Electronic Thesis and Dissertation Repository

Thesis Format

Integrated Article


Doctor of Philosophy


Electrical and Computer Engineering


Moschopoulos, Gerasimos


Pulse width modulation (PWM) converters that consist of two or more interleaved boost/buck converter modules are used widely in industry. Soft-switching approaches for these converters can either be zero-voltage switching (ZVS) if implemented with MOSFETs or zero-current switching (ZCS) if implemented with IGBTs. The main idea of this thesis is to implement ZCS for IGBT turn-on and turn-off. Most converters use an auxiliary circuit that is activated whenever a main converter switch is about to be turned off, gradually diverting current away from the switch so that it can turn off with ZCS.

ZCS-PWM converters that use an auxiliary circuit to help the main converter switch turn-on with ZCS are generally less efficient than hard-switching converters at light loads. The main reason for this is that the auxiliary circuit losses dominate when the converter is operating under these conditions. Auxiliary circuit losses include the turning on and off of the auxiliary switch and additional conduction losses. ZCS-PWM converters achieve their improved efficiency over hard-switching converters at heavier loads when the switching losses of the main switch are eliminated. These switching losses - especially the IGBT current tail losses - are greater than the auxiliary circuit losses.

Ideally, the auxiliary circuit used to achieve ZCS operation in a ZCS-PWM converter should be activated only when the converter is operating with heavier loads and not used when the converter is operating with lighter loads. The proposed converters operate in such a manner and would ensure the optimal efficiency profile over the entire load range. Also, they operate for a short period of time which leads to reduction of the conduction losses and the ability to operate with higher power.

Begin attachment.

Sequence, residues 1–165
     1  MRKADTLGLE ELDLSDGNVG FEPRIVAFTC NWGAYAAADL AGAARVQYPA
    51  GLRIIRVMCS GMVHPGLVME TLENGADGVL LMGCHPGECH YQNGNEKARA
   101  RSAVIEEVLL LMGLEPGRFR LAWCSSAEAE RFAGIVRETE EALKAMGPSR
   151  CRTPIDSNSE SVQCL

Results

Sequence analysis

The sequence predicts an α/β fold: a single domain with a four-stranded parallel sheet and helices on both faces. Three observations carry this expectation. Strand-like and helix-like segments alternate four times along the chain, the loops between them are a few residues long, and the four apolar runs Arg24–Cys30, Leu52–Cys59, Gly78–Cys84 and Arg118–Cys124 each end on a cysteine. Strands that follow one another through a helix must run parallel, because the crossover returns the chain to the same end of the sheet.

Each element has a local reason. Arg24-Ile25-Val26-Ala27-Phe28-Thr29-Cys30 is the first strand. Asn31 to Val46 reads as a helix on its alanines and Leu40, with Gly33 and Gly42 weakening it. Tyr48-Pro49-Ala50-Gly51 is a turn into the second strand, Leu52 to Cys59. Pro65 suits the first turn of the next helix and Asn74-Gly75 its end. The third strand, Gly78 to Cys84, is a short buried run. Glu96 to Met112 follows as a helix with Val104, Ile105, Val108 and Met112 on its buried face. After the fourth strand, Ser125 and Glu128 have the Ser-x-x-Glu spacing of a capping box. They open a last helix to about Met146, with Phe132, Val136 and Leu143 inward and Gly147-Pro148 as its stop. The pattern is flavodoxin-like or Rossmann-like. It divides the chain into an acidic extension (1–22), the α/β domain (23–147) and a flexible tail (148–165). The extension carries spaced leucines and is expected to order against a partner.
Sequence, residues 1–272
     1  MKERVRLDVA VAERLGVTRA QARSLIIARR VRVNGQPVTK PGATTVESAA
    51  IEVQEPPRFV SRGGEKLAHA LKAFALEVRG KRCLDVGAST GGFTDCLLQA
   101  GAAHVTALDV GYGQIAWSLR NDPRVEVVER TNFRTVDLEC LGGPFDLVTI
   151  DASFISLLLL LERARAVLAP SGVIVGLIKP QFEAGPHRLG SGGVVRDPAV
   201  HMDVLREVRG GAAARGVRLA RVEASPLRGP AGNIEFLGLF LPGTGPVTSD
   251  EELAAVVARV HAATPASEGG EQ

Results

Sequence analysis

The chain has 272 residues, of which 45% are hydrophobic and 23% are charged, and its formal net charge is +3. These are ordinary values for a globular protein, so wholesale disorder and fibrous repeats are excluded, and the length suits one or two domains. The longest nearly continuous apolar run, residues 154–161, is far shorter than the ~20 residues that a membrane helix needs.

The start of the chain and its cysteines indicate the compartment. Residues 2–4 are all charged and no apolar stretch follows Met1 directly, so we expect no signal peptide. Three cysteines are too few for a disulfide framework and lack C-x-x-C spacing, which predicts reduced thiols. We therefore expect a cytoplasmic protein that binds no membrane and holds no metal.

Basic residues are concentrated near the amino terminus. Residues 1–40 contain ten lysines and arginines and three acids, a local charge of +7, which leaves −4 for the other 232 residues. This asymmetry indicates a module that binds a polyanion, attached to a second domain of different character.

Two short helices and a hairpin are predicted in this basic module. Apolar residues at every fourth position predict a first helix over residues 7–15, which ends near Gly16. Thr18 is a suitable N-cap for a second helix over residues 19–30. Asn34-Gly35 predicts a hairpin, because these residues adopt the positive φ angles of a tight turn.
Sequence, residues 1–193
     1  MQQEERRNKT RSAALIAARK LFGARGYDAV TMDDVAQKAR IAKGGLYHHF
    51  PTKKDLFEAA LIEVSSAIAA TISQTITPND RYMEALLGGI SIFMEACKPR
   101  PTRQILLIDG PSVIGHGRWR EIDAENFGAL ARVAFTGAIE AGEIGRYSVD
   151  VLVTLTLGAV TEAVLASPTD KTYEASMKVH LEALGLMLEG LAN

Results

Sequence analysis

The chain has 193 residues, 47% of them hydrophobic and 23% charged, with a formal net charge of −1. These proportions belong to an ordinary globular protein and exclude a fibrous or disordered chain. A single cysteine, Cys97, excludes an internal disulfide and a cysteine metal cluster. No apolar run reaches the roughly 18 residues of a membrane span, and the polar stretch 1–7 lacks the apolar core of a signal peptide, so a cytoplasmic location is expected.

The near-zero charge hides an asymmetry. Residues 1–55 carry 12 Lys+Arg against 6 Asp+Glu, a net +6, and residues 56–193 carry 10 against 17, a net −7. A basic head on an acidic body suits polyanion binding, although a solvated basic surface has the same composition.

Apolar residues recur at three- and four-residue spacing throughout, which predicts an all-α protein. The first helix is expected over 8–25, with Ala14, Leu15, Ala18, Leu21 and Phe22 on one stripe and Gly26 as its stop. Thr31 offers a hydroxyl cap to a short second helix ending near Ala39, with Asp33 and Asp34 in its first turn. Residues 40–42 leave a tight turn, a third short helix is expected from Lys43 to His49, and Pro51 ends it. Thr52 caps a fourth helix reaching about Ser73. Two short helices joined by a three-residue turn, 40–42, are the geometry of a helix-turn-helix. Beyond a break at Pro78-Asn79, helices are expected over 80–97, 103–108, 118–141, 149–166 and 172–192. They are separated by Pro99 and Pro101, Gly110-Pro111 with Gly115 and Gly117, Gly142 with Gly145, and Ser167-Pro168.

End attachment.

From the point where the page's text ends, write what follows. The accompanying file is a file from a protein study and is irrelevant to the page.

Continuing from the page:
The operation of novel interleaved ZCS-PWM boost, buck, and multiport converters that cab be used in industrial applications is discussed. Afterwards, based on a mathematical analysis of the proposed converters under steady-stage conditions, a procedure for the proper design of each converter is presented and is then used to design a proof-of-concept prototype. The feasibility of the converters proposed in this thesis is confirmed by computer simulation and by experimental results obtained from a proof-of-concept prototype. Finally, after a summary of the contents of this thesis, the conclusions and the contributions of this thesis are stated and suggestions for future work are made.

Summary for Lay Audience

Power electronics is the field of electrical engineering related to the conversion of power from an input source to that required by an output load, using semiconductor devices and passive energy storage elements such as capacitors and inductors, and controllers. The input source can be renewable energy sources such as solar panels, wind turbines, fuel cell, batteries, or conventional technologies such as natural/diesel generators. The load can be a small cell phone, laptop, or large industrial loads such as motors, pumps, and batteries. The source voltage can be AC or DC with different voltage levels and the loads can be AC or DC as well so that power converters can be AC-AC, AC-DC, DC-AC, and DC-DC converters.

In order to shrink the size of the converters, they need to operate at high switching frequency to reduce the size of the passive energy storage elements. The semiconductor devices of a converter need to be turned on and off tens of thousand times per second, which results in high switching losses due to non-idealities. The main focus of this thesis is implementing zero-current-switching (ZCS) in multi-module converters with IGBT devices in a way that reduces cost and improves efficiency.

In this thesis, ZCS converters for various industrial applications such as for AC-DC power converters and power conversion in solar and wind energy based systems are proposed. Their steady-stage operation is analyzed mathematically and based on the analytical results, a design procedure is established for each converter. This procedure is then used to design a proof-of-concept experimental prototype for each proposed converter by selecting values for key components. Experimental results obtained from the proof-of-concept prototype confirm the feasibility of the proposed converters.

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Creative Commons Attribution 4.0 License
This work is licensed under a Creative Commons Attribution 4.0 License.